8: For what purpose were interview questions changed? If they were changed to better match questions other candidates were posed, how were the first set of questions derived, and why did they fail to match questions posed to other candidates in the first instance? Please offer as much detail as possible.

9: When the questions were changed, what was the justification for inclusion of the “working together” and “customer appreciation” competencies as opposed to other competencies, or the previous ones “welcome change” and “drive to deliver”? Please offer as much detail as possible.

10: Were all other candidates asked direct questions about the “working together” and “customer appreciation” competencies? If not which competencies were other candidates asked about?

11: Was it considered the Claimant’s lack of evidence of skills in “working together” and “customer appreciation” could be due to his Asperger’s Syndrome? Please provide details.

12: Was it considered the Claimant’s 10 minute presentation showed evidence of customer appreciation, given that feedback indicated the content was good and relevant?

13: Was it considered the Claimant may have difficulty effectively communicating his competencies in an interview compared with other candidates, as a result of his Asperger’s Syndrome? And difficulties with interaction evident at interview, would subside once they had adapted to the environment and gotten to know colleagues?

14: Had it been considered reasonable adjustments would be required in the position itself, as opposed to the interview alone, and that they might enable the Claimant to fulfil the role? If so, please provide details, and in each instance explain whether the adjustment was thought to be reasonable or suitable, and for what reasons.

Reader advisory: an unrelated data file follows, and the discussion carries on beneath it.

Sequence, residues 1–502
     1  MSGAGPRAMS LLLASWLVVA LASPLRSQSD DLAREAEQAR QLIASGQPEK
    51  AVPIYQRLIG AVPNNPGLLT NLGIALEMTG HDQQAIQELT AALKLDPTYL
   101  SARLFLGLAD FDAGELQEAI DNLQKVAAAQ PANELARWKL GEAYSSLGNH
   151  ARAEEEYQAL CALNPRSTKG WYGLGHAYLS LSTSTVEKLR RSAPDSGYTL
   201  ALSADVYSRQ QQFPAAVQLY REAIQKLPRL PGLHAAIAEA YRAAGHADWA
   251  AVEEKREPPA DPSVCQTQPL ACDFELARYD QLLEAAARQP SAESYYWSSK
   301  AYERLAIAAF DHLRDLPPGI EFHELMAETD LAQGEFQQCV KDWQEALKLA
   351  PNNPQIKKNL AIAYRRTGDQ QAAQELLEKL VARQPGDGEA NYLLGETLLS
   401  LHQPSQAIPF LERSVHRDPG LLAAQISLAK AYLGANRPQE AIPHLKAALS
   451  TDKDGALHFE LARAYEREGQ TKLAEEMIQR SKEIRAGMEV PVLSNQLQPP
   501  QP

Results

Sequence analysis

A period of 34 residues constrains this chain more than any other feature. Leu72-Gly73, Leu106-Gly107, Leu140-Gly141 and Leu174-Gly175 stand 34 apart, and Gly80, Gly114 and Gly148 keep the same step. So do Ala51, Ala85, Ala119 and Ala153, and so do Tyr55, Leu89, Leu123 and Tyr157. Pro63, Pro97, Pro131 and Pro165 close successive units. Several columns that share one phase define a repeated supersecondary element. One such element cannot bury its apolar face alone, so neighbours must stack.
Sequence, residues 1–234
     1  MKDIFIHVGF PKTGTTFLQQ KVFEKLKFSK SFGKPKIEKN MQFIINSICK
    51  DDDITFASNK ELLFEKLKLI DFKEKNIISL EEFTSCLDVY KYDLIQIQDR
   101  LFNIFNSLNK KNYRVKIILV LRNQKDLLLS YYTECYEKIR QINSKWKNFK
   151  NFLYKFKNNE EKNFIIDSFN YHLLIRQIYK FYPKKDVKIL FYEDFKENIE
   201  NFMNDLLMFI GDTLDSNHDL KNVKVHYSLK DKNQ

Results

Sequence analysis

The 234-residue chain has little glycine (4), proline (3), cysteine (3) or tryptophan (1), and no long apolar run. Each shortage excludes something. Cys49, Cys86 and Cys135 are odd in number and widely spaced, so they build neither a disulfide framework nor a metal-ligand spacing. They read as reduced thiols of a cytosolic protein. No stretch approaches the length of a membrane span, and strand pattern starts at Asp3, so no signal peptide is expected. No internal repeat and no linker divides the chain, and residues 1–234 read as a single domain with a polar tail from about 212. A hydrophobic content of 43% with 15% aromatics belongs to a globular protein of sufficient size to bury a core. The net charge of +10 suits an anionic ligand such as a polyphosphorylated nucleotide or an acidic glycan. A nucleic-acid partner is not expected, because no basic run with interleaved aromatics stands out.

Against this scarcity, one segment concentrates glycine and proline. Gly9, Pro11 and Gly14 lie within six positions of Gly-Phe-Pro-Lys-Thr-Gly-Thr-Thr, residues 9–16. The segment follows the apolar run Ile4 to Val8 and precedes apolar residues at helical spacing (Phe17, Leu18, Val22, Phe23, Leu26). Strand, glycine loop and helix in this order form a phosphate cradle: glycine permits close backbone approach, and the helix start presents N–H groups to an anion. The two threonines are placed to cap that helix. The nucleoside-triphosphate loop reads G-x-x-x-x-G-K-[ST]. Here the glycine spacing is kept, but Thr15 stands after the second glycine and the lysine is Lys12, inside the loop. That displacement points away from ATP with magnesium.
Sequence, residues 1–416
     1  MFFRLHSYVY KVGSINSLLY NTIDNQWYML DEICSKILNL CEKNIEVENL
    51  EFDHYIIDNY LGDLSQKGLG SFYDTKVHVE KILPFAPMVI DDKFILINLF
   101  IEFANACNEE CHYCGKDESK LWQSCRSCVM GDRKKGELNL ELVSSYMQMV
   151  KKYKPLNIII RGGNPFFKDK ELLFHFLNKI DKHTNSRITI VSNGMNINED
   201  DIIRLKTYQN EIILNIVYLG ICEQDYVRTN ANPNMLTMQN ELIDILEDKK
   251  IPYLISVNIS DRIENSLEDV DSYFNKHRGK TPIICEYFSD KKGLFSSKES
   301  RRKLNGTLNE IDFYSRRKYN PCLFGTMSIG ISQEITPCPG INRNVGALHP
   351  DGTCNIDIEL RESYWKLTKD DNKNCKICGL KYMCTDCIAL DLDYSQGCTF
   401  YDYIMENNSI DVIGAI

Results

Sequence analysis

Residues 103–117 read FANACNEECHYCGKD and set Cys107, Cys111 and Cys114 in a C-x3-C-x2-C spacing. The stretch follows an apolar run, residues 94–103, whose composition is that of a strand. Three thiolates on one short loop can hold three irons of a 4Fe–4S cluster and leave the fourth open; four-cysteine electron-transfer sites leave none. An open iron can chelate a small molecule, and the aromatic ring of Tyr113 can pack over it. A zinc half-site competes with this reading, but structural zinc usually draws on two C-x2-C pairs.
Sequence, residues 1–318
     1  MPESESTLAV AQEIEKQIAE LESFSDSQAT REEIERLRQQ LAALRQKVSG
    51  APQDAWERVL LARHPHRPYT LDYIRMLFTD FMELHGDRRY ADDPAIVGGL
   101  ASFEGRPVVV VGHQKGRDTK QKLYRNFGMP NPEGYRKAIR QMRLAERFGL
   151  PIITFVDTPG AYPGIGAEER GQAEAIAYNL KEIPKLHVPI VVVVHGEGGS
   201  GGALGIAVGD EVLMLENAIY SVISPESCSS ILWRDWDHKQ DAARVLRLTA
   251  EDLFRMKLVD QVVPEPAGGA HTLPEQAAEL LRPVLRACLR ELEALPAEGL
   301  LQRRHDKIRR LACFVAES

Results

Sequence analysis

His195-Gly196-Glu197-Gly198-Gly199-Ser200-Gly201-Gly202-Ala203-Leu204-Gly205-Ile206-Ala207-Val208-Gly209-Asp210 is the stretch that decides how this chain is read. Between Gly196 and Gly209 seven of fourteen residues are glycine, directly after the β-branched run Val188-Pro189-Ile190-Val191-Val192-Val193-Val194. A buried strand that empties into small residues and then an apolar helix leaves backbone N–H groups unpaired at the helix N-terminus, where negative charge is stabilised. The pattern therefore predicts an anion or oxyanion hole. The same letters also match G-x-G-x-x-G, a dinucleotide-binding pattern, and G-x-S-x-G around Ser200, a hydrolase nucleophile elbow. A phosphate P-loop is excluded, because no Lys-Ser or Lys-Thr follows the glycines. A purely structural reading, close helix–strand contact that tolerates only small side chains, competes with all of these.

15: Given sign language interpreters are offered at the interview stage, please explain what reasonable adjustments would be available for a candidate who was deaf and used sign language for the position? These include adjustments both at the interview stage in terms of assessing ability for the position, and in the position itself. If adjustments, not already referred to in question 14, would be available to a deaf person - why were similar adjustments not considered suitable or reasonable for the Claimant? Please give fully detailed reasons.

16: Has any training been given in respect of Autistic Spectrum Conditions within the organisation? If so, for what purpose was this training given? Is any such training anticipated in the near future?

17: Is disability considered a barrier to positions of seniority within (organisation)?

18: Was there anything the Claimant could have done to better explain their difficulties and requirements? Could the Claimant have taken any action that would have improved their chances of selection, in respect of their disability? If so, please provide details.

Edited by leedsguy
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  • 5 months later...

I am trying to support some people with High Function ASD to find suitable employment and found your post via google internet search.

 

Did you pusue this matter further - if so I would be interested in more details.